The St. Petersburg branch of the Soldiers' Mothers Committee — an organization that defends conscripts' rights — sent requests to military units that soldiers' families and media reports had identified as suffering losses last year, including in eastern Ukraine, the Vedomosti business daily reported Thursday, citing the group's spokesman Alexander Peredruk.

A total of 17 units have responded so far — with all but one with refusing to disclose their casualty data, the report said. The one unit that provided information said it had lost six soldiers since July 2014 compared to no casualties a year earlier, according to Vedomosti. The report did not identify the unit nor specify how many soldiers it comprised.

The military units cited various reasons for their refusal to provide casualty data to the Soldiers' Mothers Committee, from saying the information constituted a state secret, to directing inquiries to higher military command, Vedomosti reported.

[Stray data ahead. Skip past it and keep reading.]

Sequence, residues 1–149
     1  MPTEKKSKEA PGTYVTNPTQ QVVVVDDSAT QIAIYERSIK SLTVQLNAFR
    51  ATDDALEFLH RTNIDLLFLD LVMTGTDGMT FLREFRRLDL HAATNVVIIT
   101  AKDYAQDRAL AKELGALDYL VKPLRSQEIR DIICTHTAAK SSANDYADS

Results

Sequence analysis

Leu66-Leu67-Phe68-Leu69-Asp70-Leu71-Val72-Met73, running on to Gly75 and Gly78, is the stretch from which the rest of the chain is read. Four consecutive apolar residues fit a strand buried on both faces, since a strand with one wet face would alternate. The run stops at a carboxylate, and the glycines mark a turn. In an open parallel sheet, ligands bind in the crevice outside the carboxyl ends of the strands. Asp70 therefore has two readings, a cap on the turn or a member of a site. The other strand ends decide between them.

Everyone who disagrees with you is not an 'uncritical Obama fan' or thinks that he is 'wonderful'.

And please, uncritical Obama fans, stop saying this will improve labor conditions. That is not going to happen.
A simple (and simplistic) "Obama is wonderful and would never ever champion anything bad and eleventy dimensional chess" would be more appropriate, really.

I suspect that each and every poster who disagrees with you is not an "uncritical Obama fan" or does not believe that he "is wonderful and would never ever champion anything bad and eleventy dimensional chess".